By Jim Schutze
By Rachel Watts
By Lauren Drewes Daniels
By Anna Merlan
By Lee Escobedo
By Eric Nicholson
Nehal Joshi's Captain Walker and Betsy Wolfe's Mrs. Walker more than capably share insight into the guilt and burden of parents who know that they are to blame for their son's condition. Gregory Lush and Liz Mikel, as Uncle Ernie and Gypsy, respectively, offer compelling, scene-stealing performances (although, granted, for vastly differing reasons and parts). And by the time his full-grown Tommy hits the stage, the audience is so accustomed to a silent lead character, it's impossible to not be enthralled by Cedric Neal's captivating and exuberant take on his character's final charismatic and tragic turn.
Where Tommy's inherently bewildering storyline lulls, DTC's players (from Oso Closo on down to the vibrant ensemble) gladly entertain in its stead. That seems Moriarty's goal with Tommy: This isn't a show where audiences will leave the theater discussing the moral plights of the characters; instead, it's a visual and aural spectacle, a performance meant to highlight not what theater is known to be, but rather to revamp its viewers' perceptions of what theater can be—and, similarly, what can happen when theater is used to its full capability.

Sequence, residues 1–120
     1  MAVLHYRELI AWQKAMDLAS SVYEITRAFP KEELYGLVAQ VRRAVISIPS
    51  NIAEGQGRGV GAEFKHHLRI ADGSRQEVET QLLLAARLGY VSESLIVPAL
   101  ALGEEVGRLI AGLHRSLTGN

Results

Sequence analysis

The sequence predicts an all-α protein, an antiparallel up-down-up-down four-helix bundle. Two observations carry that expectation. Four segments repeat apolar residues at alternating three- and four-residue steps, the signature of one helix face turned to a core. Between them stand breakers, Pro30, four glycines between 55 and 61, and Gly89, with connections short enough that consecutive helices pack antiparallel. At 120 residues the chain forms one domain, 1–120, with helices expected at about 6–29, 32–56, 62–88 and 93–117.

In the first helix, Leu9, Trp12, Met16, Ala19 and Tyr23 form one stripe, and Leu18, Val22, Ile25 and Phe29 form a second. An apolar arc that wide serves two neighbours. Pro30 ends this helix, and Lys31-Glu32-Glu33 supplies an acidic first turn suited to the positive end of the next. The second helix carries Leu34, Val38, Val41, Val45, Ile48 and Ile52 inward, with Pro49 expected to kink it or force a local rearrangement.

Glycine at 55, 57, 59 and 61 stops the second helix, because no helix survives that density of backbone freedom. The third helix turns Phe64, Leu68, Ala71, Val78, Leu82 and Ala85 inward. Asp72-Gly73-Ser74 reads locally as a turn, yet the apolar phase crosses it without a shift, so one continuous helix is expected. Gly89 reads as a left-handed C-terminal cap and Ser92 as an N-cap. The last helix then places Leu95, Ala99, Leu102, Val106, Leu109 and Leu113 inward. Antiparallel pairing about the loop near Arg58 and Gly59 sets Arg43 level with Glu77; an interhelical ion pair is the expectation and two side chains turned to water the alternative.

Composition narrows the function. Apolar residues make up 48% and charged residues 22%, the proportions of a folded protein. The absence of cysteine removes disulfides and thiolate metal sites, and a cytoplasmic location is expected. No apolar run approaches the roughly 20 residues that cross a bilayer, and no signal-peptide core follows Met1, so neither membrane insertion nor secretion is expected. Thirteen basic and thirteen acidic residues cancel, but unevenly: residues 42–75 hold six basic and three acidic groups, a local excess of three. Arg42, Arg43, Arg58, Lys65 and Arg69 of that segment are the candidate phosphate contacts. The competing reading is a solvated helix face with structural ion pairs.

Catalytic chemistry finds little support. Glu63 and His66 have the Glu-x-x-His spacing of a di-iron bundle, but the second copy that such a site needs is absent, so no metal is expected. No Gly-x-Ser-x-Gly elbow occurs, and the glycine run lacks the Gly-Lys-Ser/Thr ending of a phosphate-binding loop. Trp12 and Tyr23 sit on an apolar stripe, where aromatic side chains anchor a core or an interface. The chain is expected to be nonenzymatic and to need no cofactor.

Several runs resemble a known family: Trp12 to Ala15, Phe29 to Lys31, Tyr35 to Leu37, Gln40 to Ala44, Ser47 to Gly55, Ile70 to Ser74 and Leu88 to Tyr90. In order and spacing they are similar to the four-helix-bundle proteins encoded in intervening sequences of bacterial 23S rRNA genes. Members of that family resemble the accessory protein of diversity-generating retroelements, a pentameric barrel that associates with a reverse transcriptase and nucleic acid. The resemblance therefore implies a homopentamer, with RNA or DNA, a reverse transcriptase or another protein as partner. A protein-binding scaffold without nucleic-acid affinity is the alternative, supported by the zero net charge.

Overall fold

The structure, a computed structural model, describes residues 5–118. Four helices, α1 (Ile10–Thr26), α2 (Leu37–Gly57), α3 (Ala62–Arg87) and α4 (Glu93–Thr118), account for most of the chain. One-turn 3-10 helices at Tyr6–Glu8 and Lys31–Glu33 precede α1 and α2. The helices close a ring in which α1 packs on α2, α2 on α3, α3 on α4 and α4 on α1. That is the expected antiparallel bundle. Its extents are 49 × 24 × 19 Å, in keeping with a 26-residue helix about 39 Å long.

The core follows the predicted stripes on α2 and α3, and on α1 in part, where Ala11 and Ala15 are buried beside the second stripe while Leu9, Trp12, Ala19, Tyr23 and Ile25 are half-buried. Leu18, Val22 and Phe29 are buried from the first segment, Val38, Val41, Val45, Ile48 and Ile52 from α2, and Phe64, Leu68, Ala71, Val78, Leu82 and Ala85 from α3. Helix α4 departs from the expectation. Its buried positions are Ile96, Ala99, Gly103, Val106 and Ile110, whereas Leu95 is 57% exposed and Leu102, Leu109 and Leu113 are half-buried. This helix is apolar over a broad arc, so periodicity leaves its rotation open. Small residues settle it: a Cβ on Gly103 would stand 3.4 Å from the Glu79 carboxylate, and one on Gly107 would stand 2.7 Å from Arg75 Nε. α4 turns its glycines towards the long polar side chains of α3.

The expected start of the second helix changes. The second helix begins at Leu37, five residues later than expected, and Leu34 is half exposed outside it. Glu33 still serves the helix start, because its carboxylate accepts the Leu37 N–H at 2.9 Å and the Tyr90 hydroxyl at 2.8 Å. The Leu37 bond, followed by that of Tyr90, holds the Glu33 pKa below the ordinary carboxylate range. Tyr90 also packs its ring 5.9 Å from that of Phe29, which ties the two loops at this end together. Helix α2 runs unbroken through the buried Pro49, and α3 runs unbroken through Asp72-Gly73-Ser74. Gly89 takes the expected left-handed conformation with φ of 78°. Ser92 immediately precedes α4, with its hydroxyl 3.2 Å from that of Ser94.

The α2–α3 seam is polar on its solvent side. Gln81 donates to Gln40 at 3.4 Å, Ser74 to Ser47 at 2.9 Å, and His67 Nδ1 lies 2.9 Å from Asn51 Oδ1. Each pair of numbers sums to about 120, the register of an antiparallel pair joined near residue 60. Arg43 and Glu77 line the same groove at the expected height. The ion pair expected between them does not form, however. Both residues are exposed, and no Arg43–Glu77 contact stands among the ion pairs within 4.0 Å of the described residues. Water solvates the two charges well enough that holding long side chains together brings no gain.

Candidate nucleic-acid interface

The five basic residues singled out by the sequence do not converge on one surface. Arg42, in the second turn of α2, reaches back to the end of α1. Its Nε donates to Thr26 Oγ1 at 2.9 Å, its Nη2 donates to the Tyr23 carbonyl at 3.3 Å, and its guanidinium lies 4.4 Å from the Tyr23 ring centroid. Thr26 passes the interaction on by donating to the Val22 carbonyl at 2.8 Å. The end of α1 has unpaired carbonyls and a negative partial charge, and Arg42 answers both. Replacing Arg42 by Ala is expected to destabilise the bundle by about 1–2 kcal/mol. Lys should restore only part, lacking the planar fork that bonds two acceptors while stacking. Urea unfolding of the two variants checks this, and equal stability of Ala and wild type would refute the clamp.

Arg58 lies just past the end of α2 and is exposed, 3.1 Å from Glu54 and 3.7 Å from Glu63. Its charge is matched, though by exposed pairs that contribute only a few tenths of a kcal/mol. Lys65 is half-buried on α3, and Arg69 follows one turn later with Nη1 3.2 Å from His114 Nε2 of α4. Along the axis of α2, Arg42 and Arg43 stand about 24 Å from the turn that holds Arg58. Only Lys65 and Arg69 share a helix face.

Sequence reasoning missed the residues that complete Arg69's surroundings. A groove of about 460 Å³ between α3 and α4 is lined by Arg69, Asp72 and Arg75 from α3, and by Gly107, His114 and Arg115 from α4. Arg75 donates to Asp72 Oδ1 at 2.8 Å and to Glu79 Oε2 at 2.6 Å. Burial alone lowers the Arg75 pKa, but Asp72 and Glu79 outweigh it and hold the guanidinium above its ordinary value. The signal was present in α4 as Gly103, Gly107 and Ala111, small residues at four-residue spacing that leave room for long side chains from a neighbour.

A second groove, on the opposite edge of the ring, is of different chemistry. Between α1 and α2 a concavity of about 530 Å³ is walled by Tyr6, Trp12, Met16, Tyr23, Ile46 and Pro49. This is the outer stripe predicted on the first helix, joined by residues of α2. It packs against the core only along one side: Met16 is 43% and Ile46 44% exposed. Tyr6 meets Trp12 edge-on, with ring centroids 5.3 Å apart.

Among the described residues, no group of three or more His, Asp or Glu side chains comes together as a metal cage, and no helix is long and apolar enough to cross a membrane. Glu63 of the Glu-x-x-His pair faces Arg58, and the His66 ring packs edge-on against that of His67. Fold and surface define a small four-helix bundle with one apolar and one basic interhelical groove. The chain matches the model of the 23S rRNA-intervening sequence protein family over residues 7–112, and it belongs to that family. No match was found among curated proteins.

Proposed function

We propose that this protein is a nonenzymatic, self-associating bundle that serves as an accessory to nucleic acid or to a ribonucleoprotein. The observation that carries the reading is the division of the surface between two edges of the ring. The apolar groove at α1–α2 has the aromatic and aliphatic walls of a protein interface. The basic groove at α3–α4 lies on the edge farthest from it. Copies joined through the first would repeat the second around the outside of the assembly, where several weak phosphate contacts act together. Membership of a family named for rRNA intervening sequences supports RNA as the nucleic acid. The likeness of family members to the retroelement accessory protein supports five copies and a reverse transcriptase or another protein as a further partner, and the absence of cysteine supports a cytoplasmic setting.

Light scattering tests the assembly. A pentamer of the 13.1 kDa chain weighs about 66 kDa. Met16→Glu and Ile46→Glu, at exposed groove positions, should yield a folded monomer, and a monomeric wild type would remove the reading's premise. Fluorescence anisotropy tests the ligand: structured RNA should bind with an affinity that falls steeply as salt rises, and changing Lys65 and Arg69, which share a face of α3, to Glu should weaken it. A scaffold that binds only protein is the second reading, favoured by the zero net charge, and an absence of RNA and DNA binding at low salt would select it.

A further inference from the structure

While this production might not overcome the frenzied flaws of Tommy, it certainly overcomes any assumed flaws of the Dallas Theater Center's recent past, flaunting an exhibit that not only aims for attention but demands it. If Moriarty's mission was to present a piece that could draw in audiences from all the varied bases of curious theatergoers and intrigued local music fans—as well as the inquisitive who fall into neither of those first two lumps—he can consider his objective complete.
And when they get there, yes, they'll find exactly what Moriarty promised with this show: a production for a broader audience to marvel at; an experience few would anticipate; and, most important, a show whose lofty promises are absolutely, positively not just the same old bullshit.